Friday, 13 August 2010

Bicol seen rising 12% on mining boom

by Roderick T. dela Cruz
Manila Standard

Legaspi City—Bicol, the country’s fastest growing region in 2009, is expected to expand by another 12 percent this year, fueled by mining and energy sectors.

“In 2009, when traditional growth areas generally slowed down and the national GDP growth was a modest 1.1 percent, Bicol’s GDP increased by an impressive 8.2 percent,” Bangko Sentral Gov. Amando Tetangco Jr. said on Wednesday at the opening of the Bangko Sentral’s new office in Legaspi City.

“Out of the 17 regions in the Philippines, Bicol region claimed the distinction of having the fastest growth rate in terms of goods and services produced,” he said.

The new office will provide central banking services in the booming Bicol region. Tetangco said the new facility was built to keep pace with the expanding economy of Bicol.

BSP Legaspi branch services 75 branches of rural, thrift and commercial banks in the cities of Legaspi, Tabaco, Ligao and Sorsogon as well as the provinces of Albay, Sorsogon, Masbate and Catanduanes.

Albay Governor Joey Salceda confirmed that the Bicol region was booming, fueled by the expansion of the mining and energy sectors.

“It is near boom in Albay,” he said.

Salceda said tax collection in the province rose 36 percent to P2.5 billion in the first half from P1.9 billion a year ago.

Electricity sales rose 27.5 percent in the first half while tourist arrivals are seen to increase dramatically by 21 percent this year, with the opening of new hotels.

Bangko Sentral Deputy Governor Diwa Guinigundo said the bank is confident about the future of Legaspi and Albay.

Data showed that bank deposits in Bicol posted an annual growth rate of 12 percent to P53 billion in 2009. Bank loans also increased 15 percent to P13.8 billion last year.

Meanwhile, Bangko Sentral said it would continue to use a combination of cotton and abaca for the newly designed paper money or banknotes, to be launched in a few months to support the abaca industry in Bicol.

SM Land offers P20 billion for BCDA property

Manila Bulletin

SM Land Inc. has offered to invest P20 billion for the development of the 33.1 hectare prime government property south of Fort Bonifacio and a secured yearly revenues totaling P25.9 billion over a 20-year period.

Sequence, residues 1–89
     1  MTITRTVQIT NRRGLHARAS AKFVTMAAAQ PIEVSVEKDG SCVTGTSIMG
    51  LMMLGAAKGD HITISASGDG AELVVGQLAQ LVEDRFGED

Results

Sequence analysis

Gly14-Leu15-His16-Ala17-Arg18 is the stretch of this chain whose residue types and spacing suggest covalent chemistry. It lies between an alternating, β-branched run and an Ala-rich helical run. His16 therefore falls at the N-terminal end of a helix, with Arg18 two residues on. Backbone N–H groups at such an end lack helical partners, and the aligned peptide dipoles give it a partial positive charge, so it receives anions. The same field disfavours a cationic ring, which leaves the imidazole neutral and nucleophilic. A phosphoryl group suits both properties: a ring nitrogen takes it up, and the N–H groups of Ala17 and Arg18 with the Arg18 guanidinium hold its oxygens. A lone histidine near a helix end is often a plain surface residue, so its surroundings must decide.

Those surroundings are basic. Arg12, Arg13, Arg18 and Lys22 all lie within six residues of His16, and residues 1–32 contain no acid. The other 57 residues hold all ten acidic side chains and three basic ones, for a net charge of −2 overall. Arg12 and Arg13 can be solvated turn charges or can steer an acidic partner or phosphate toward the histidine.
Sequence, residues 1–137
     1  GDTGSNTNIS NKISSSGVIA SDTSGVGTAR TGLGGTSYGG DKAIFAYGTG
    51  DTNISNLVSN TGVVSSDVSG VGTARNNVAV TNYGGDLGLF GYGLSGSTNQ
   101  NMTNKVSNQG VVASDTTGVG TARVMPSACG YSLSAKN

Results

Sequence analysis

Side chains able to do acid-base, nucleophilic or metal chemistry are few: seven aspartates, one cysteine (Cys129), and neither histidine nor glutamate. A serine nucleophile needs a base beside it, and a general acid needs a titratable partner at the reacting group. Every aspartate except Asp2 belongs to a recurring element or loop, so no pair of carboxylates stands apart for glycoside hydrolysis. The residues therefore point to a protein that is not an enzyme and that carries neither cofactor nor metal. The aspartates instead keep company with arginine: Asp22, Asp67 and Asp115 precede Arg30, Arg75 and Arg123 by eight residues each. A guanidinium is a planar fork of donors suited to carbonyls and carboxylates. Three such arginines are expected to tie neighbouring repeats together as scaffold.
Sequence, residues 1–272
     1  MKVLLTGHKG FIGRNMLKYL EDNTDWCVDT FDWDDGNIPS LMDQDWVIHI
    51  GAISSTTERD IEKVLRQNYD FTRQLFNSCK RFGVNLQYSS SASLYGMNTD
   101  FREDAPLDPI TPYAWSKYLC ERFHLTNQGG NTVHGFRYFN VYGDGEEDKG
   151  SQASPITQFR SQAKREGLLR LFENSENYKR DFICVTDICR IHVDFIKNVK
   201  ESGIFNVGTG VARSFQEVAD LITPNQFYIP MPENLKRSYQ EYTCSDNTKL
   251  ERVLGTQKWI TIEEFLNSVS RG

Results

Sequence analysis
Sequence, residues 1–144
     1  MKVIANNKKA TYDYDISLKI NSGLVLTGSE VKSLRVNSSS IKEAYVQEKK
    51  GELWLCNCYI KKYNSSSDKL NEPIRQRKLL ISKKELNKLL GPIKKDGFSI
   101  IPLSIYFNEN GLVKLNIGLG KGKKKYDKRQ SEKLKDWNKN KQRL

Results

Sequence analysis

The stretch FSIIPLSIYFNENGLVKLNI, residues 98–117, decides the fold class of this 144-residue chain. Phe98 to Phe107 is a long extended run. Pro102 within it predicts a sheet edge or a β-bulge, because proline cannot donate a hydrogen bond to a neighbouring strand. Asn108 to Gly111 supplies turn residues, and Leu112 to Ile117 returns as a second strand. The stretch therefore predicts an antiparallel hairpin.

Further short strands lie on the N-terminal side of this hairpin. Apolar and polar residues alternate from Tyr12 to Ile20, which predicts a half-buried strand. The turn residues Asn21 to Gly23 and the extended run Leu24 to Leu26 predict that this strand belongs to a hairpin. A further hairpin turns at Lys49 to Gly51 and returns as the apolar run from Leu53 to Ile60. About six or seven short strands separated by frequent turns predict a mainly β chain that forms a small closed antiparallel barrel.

The state-owned Bases Conversion and Development Authority (BCDA) Thursday announced that SMLI’s unsolicited joint venture proposal would be subject to competitive challenge as required under Annex C of the NEDA Joint Venture (JV) Guidelines.


GMA7 makes P1.69 billion in 1st half, up 24%

Manila Bulletin

Broadcast giant GMA Network sustained its strong financial performance for the first semester of 2010 even after the revenue windfall from political advertisements that ended in early May.

In a press briefing, the company said its net income for the covered period grew by 24 percent to P1.69 billion from P1.36 billion in the first semester last year.


SMC reports lower H1 net profit of P6.3 billion but core income up 7%

Manila Bulletin

Diversified conglomerate San Miguel Corporation reported that its consolidated net income for the first half of the year fell 89 percent due to one time gains last year while recurring net income rose 7 percent.

Vista Land net profit up 28% to P1.32 billion

Manila Bulletin

Vista Land & Lifescapes, Inc., the country’s largest homebuilder, it reported a 28 percent jump in first half earnings to P1.32 billion from P1.03 billion in the same period of 2009 and now expects net income this year to rise 22 percent to P2.8 billion from P2.3 billion in 2009.


Thursday, 12 August 2010

Prospering from the failure of the US

Written by John Mangun
Outside the Box
Business Mirror

The Philippines is going to enjoy a favorable economic situation for the rest of the year, probably extending into the second quarter of 2011.

An important barometer of business activity and confidence is advertising. Yesterday ABS-CBN announced earnings for the first half of 2010. This is the key: Recurring advertising revenue grew by P2.45 billion, or 36 percent, to P9.17 billion. Newspaper headlines that talked about the company’s earnings being a result of election spending were misleading. A 36-percent jump in recurring advertising means that private Filipino companies are willing to advertise to increase their exposure with the promise of increasing sales because they believe in a positive future.

For some time I have been saying, “Buy the PSE, buy the peso, and buy the Philippines.” This trend is going to continue for the rest of the year, assuming that targets are not hit sooner. As far as the Philippine Stock Exchange (PSE) goes, the historic high will be reached, but beyond that it is anyone’s guess.

The Philippine economy is going to show exceptional growth for 2010. The peso will continue its run higher, corresponding to strength in the major currencies.

However, the time of “plenty” for the Philippines will come to an end before 2011 is over.

The Philippines is riding the crest of the calm in the global financial markets and economies. Although business activity in the West, particularly in the US, is still poor, things seem better because of comparisons with 2008 and 2009. There is a false sense of ease and quiet in the West because things are not that much worse than before.

However, the worst is yet to come.

The US should be enjoying a strong 2010 and should be coming out of the problems of 2008/2009. It is not. The policies of the Obama economic team and the Obama-led Congress are a dismal failure.